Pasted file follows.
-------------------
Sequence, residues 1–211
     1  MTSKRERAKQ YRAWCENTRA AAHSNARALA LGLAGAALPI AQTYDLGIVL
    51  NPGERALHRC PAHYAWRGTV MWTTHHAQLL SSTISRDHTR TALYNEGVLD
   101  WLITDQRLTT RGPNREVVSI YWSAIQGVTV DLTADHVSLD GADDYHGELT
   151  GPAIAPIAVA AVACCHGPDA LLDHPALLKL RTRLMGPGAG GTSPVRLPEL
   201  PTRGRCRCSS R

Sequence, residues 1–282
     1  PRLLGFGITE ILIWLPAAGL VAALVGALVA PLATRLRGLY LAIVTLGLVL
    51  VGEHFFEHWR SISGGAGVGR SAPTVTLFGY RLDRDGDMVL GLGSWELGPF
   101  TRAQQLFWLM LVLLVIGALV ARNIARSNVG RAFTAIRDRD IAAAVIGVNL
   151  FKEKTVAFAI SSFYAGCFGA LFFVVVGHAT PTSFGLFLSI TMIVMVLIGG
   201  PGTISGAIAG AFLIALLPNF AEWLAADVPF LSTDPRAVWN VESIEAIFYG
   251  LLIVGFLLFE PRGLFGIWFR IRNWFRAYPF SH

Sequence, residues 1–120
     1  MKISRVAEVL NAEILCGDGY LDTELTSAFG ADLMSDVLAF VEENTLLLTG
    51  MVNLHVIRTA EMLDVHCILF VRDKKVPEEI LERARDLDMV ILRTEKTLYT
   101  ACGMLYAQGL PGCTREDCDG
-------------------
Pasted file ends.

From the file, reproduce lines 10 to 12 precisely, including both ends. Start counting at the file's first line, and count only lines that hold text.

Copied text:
   101  TRAQQLFWLM LVLLVIGALV ARNIARSNVG RAFTAIRDRD IAAAVIGVNL
   151  FKEKTVAFAI SSFYAGCFGA LFFVVVGHAT PTSFGLFLSI TMIVMVLIGG
   201  PGTISGAIAG AFLIALLPNF AEWLAADVPF LSTDPRAVWN VESIEAIFYG